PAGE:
There is another reason why Listing Regulations positively making materiality irrelevant is a step backwards. It would create fertile ground to mislead investors in the market with noisy, irrelevant and non-material disclosures. Investors would think that such non-material information is indeed material, since the law requires it to be published in the public domain. Such an approach would militate against another regulatory objective of Sebi, which has had occasion to chase listed companies for falsely talking up the share price by making disclosures of non-material acquisitions, leading the market to believe that things are positive.
Now, the defence would be to just point to the new law to say that the surfeit of irrelevant disclosures is in fact a regulatory mandate. At times, the quest to achieve the utopian “best” can easily turn out to be enemy of the “good”.
Insider trading regulations are all about prohibiting someone with asymmetrical access to inside information
The new insider trading regulations notified by the Securities and Exchange Board of India (Sebi) took effect last weekend. While the regulations are largely based on draft regulations made by the N K Sodhi Committee, they do deviate on some material issues. (Disclosure: the author was a part of the Sodhi Committee and any critique should be taken with a pinch of salt.) This column will not dwell on the deviations in what is covered by the regulations but would pick up one element of something that has been left out.
One of the recommendations in the draft regulations was to treat “any person who is a public servant or occupies a statutory position that allows such person access” to unpublished price sensitive information of companies (colloquially, “inside information”), as a “connected person”. This was an explicit definition that would have brought this category of persons within the ambit of “insiders”. This element has been dropped. It is argued by some that such language is unnecessary because the definition of the term “insider” covers apart from “connected persons”, any person who has access to inside information. Clearly, that would not be a complete answer.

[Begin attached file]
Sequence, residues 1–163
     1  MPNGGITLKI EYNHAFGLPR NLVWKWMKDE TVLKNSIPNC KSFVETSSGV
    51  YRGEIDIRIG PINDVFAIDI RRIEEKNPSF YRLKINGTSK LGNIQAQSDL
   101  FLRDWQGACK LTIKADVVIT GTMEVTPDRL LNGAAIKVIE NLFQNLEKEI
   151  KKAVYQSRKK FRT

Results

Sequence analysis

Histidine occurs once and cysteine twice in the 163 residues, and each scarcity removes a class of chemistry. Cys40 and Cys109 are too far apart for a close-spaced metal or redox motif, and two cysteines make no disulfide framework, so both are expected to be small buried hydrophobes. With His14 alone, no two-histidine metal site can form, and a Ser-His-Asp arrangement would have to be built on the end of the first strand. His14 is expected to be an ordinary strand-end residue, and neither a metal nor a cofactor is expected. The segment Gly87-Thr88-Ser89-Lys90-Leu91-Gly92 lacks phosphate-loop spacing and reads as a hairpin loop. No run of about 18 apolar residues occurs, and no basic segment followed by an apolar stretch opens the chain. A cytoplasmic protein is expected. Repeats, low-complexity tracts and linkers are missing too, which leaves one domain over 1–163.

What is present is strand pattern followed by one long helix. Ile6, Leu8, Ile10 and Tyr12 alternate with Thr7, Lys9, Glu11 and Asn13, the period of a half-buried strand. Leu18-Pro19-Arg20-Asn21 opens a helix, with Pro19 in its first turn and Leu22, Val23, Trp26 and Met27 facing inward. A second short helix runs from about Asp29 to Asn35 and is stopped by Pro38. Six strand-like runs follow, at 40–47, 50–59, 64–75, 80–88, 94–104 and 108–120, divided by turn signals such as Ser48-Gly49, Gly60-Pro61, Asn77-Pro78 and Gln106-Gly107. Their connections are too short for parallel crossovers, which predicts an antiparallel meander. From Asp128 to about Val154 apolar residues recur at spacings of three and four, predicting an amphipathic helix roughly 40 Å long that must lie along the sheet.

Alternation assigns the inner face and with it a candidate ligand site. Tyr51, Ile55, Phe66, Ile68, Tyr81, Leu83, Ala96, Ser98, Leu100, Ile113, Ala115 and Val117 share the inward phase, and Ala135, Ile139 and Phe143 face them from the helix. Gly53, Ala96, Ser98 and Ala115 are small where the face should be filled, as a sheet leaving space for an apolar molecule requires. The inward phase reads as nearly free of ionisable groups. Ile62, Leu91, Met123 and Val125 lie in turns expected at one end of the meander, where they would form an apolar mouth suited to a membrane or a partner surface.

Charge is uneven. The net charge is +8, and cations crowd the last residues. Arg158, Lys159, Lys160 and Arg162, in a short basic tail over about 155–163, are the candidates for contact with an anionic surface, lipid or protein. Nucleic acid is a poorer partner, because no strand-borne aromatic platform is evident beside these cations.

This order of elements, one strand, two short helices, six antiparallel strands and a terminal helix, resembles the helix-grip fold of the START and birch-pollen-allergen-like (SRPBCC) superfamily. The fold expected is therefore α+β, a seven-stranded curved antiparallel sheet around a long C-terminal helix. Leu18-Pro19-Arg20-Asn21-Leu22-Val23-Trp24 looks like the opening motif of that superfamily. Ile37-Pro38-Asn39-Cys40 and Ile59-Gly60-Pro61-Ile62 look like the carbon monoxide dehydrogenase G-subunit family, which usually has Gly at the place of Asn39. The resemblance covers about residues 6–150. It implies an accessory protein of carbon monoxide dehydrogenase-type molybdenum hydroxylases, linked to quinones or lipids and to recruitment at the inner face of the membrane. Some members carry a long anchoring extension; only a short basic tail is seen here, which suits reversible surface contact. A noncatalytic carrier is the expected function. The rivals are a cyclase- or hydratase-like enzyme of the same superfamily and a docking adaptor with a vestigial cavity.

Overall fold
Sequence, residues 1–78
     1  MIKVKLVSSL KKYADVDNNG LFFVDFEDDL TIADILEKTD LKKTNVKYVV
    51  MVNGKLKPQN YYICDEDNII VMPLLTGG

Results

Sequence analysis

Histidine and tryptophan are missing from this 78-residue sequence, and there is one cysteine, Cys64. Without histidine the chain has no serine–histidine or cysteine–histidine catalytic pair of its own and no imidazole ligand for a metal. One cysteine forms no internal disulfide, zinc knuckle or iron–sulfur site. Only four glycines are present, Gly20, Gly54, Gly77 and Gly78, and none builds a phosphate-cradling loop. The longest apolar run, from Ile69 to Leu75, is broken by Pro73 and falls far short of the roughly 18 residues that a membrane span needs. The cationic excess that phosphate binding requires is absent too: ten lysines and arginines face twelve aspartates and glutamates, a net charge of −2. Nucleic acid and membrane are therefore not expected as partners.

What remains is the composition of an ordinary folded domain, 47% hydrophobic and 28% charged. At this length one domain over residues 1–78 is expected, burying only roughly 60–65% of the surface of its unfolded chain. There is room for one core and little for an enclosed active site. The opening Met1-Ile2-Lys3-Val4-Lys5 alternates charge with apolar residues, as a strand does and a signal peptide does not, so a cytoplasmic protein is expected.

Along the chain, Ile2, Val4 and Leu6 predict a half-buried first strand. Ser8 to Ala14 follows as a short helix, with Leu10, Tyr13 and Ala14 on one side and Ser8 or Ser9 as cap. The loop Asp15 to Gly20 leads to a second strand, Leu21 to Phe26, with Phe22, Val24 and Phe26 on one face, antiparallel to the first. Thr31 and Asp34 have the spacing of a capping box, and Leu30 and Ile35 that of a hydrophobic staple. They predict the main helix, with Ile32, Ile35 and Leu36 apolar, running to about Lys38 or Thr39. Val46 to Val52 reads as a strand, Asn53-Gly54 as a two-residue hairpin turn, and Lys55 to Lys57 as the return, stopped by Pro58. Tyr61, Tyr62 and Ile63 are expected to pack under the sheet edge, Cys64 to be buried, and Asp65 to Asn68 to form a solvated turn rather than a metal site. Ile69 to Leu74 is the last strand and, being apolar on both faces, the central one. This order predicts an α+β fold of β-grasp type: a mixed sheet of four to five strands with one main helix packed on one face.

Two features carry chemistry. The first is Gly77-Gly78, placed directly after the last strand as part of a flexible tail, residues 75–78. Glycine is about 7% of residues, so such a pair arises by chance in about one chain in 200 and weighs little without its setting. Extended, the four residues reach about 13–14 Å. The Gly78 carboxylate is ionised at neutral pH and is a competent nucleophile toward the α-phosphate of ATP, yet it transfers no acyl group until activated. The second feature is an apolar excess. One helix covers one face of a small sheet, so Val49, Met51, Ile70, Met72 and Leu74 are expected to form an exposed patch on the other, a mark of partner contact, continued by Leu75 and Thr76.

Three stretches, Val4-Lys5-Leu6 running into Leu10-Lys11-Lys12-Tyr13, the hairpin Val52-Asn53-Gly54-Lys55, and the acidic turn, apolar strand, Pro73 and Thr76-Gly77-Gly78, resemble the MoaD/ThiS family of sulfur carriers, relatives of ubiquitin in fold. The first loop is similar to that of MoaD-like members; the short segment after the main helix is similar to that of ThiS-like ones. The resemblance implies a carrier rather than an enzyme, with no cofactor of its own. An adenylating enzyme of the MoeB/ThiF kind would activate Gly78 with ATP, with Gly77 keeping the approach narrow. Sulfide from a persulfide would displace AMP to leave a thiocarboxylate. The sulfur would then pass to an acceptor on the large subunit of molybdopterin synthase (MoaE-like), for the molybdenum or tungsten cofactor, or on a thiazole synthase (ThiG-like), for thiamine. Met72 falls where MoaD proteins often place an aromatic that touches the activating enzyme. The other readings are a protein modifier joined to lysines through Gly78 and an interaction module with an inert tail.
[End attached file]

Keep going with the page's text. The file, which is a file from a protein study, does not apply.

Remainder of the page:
Insider trading regulations are all about prohibiting someone with asymmetrical access to inside information of an issuer of securities from monetising the access ahead of the rest of the market. The access to the workings of the business and the financial position of the issuer would enable access to information that could impact price discovery of such securities but is not generally available. Therefore, it necessarily has to emanate from inside the issuer, which it is even necessary to define a connection as one to the insides of an issuer. For example, a chief financial officer of a company that is listed on the stock market is clearly privy to the draft financial statements way before the information becomes generally available.